Daily Life's top 20
We've shown you our top picks, now here are your favourites. From victim-blaming to powerful public parenting, these are our most popular stories of the year. Did you miss any of them?
1.Can we please stop the victim blaming? By Clementine Ford
Following Jill Meagher’s disappearance, Clem Ford challenged the false veneer of concern that speculators often hide behind in order to chastise young women for not understanding that the rules are different for them. When will we stop the victim blaming?
2. GQ's bizarre cover edit, By Amal Awad
This year, GQ magazine featured four suited up gents and a naked Lana del Rey on their annual Men of Year cover. Why are women still judged on their sexiness while men are celebrated for their successes?
3.The child and the pop star, by Monica Tan
When 12-year-old child model Akama Miki announced she is officially in a relationship with 24-year-old Chinese pop singer Zhang Muyi, the response on Chinese social media shocked the world.
4.Like a virgin. But not quite, by Ruby Hamad
Why nothing exemplifies the unholy alliance of capitalism and patriarchy as much as the ad for 18 Again -- the vaginal tightening and rejuvenating cream’ currently being marketed at Indian women.
5.How to spot a misogynist, By Clementine Ford
How often do men try and hide their sexist views under the guise of ‘legitimate arguments’? Clem Ford decodes the top five lies misogynists tell – so you can spot them too.
6. Hair under your arms, By Olivia Hambret
When Irish writer Emer O'Toole showed off her unshaven armpits on morning TV, there was an uproar of mixed sentiment. Why are we still so shocked and repulsed by women who let their bodies do what bodies do?
7.Behold: powerful, public parenting in action, By Kasey Edwards
When Jada Pinkett-Smith posted a letter on Facebook explaining why she and Will had no problem with Willow cutting her hair, thousands of feminist mums applauded. Kasey Edwards explains why it’s such a powerful parenting message for women and girls.
8.This woman went topless in the city, By Clem Bastow
Any time the idea of women being topless in a mundane context is raised, the message comes through loud and clear: cover up, love, that’s a bit offensive.
9.Spring racing: was there ever a greater scam played on women? By Jacqueline Maley
How did companies somehow manage to convince women across Australia that in order to be a ‘‘princess’’ for a day, it’s necessary to buy a twee dress and spend stupid amounts of money on a hat?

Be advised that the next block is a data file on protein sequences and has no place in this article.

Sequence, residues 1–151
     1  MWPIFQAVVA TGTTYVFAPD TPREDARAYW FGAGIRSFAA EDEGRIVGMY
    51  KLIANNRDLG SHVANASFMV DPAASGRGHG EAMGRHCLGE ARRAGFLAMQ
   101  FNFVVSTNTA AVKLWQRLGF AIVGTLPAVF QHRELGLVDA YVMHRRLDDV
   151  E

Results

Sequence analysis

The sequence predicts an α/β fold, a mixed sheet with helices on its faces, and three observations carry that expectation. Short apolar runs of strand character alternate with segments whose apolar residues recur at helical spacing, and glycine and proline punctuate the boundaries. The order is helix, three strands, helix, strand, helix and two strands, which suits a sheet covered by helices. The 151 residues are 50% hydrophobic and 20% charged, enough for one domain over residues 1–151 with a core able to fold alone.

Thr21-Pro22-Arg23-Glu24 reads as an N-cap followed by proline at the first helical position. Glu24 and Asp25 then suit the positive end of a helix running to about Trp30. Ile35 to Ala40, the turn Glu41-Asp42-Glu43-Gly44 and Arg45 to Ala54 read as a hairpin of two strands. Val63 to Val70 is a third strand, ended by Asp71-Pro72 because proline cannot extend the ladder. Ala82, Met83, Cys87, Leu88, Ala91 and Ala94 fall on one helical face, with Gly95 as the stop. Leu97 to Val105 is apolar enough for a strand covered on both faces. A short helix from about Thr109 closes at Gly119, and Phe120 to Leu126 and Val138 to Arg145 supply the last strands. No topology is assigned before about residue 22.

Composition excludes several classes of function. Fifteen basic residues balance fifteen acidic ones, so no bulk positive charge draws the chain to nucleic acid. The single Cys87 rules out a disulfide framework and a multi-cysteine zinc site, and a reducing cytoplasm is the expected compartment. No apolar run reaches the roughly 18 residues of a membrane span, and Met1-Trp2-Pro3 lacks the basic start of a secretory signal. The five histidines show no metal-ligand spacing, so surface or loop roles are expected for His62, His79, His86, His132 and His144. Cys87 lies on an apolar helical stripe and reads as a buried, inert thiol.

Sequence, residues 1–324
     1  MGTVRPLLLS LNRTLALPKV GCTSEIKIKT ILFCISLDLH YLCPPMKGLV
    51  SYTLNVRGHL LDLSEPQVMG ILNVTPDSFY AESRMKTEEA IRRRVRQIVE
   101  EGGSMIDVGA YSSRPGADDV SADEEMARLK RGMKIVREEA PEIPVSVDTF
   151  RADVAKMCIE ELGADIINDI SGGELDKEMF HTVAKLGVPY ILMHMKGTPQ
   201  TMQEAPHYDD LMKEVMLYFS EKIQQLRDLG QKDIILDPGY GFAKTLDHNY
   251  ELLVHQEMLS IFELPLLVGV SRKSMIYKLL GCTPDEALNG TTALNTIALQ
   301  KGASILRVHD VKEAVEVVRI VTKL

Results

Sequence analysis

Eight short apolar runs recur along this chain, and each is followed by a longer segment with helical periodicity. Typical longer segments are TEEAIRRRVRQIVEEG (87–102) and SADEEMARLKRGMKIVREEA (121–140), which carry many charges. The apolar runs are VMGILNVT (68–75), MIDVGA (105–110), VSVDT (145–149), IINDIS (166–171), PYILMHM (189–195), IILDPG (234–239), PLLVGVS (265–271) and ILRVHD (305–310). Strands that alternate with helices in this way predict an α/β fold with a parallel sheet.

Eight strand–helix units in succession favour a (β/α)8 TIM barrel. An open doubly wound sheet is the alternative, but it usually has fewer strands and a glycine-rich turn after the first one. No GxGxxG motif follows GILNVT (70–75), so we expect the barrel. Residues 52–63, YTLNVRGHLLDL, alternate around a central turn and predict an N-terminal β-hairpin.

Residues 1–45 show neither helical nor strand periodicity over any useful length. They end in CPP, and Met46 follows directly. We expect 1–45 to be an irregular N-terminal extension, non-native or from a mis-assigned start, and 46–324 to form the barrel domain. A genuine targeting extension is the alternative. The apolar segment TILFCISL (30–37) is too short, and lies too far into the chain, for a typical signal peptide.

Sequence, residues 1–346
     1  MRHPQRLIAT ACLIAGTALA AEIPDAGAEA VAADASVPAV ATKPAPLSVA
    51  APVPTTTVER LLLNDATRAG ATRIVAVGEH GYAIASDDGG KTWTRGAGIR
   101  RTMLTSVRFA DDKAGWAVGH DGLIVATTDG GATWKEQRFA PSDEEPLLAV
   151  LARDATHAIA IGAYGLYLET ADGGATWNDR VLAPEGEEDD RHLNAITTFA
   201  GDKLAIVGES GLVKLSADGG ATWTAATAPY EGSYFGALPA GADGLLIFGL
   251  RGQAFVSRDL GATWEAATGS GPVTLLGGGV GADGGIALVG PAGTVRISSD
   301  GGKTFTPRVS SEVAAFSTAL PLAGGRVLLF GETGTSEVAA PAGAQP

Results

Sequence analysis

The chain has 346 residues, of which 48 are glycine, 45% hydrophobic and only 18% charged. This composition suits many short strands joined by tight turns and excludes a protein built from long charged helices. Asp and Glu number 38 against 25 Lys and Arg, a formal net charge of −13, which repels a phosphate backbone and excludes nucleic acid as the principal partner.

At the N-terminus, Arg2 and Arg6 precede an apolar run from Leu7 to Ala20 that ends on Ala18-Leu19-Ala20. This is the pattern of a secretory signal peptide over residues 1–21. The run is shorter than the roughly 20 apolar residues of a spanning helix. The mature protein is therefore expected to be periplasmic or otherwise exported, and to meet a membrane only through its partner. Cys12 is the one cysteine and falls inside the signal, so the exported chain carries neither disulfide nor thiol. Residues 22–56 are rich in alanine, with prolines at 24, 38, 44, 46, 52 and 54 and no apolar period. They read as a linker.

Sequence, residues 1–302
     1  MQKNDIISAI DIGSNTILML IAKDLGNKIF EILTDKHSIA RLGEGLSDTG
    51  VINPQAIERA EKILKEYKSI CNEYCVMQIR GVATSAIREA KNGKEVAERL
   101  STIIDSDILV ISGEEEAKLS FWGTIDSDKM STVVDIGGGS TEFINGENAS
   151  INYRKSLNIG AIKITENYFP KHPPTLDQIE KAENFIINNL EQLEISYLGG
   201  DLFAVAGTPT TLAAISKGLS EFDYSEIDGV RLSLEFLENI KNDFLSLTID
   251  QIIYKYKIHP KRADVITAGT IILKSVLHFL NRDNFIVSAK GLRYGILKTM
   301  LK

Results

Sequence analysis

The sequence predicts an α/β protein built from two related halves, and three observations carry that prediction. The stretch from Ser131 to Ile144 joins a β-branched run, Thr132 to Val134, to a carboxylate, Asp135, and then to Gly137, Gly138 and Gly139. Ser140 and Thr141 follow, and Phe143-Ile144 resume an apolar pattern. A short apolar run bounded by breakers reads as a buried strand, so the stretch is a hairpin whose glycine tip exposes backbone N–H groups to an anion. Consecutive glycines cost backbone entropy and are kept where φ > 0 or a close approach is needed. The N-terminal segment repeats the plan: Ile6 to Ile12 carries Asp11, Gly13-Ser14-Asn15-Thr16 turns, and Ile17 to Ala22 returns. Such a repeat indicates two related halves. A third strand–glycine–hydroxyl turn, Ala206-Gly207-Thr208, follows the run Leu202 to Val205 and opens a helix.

10.Germaine, you broke our hearts, By Julia Baird
The last thing you would expect Germaine Greer to be is predictable. Which is why it broke our hearts when she decided to champion a debate about the size of a female leader’s bottom, or the cut of her clothes.
11.Performative relationships, by Jean Hannah Edelstein
When Edelstein heard about Facebook's ‘couples’ pages, an old truth came to mind: the joy of being in love is that nothing seems banal. In fact, every detail feels fascinating. But only to you.
12.How to demean a woman, By Clementine Ford
In a recent ‘Left or Right’ game on Zoo magazine's Facebook page, fans are ask to choose which half of the bikini-clad women they'd prefer and why. Is this female objectification at its worst?
13. Why naked men don't sell, By Clementine Ford
Male nudity doesn't sell because unfortunately, everyone in society — men and women alike — has been trained to see only women’s bodies as commodities to be visually judged, enjoyed and dissected.
14.Fanning the flames of asylum seeker fear, By Amy Corderoy
Research consistently shows that when it comes to outsiders, we are easily influenced by perceptions of real and symbolic threat. Are newspapers reflecting Australians' fear, or could they be shaping it?
15.Do you have a bitch face? By Nicole Elphick
Afflicted with ‘bitch face’, a non-rare and non-debilitating condition means when your face is in repose, strangers are likely to think you're ‘pissed off’ and ‘unimpressed’. Nicole Elphick shares her story.
16. Skinny privilege, By Rachel Hills
While thin bodies are glorified and privileged, they are also demonised and railed against; resented for representing an impossible ideal -- how can we get past this destructive view?
17.Hipster sexism, By Candice Chung
We may be getting better at spotting garden variety misogynists, but what happens when the perpetrator is embraced by popular culture? Could it be that we’ve been putting up with ‘ironic’ sexist behaviour to prove that we are above it all?
18. Mossimo, whatever were you thinking? By Alecia Simmonds
When Mossimo launched its ‘Peep Show’ advertising campaign earlier this year, it's contributing to a culture where women are encouraged to be seen as unconditionally sexually available. Alecia Simmonds explains why.
19.Society sandwiches, By Stephanie Wood
When did sandwiches divide themselves up into social classes? Did we lose something intrinsically Australian when we discovered baguettes and focaccias, panini and wraps and turned sandwiches into status symbols?
20. I like a little something to hold on to, By Annie Stevens
Should men who say this expect a huge pat on the back? Annie Stevens doesn't think so. Not least because when body image is entwined with the male gaze, it becomes a lose-lose situation for everyone.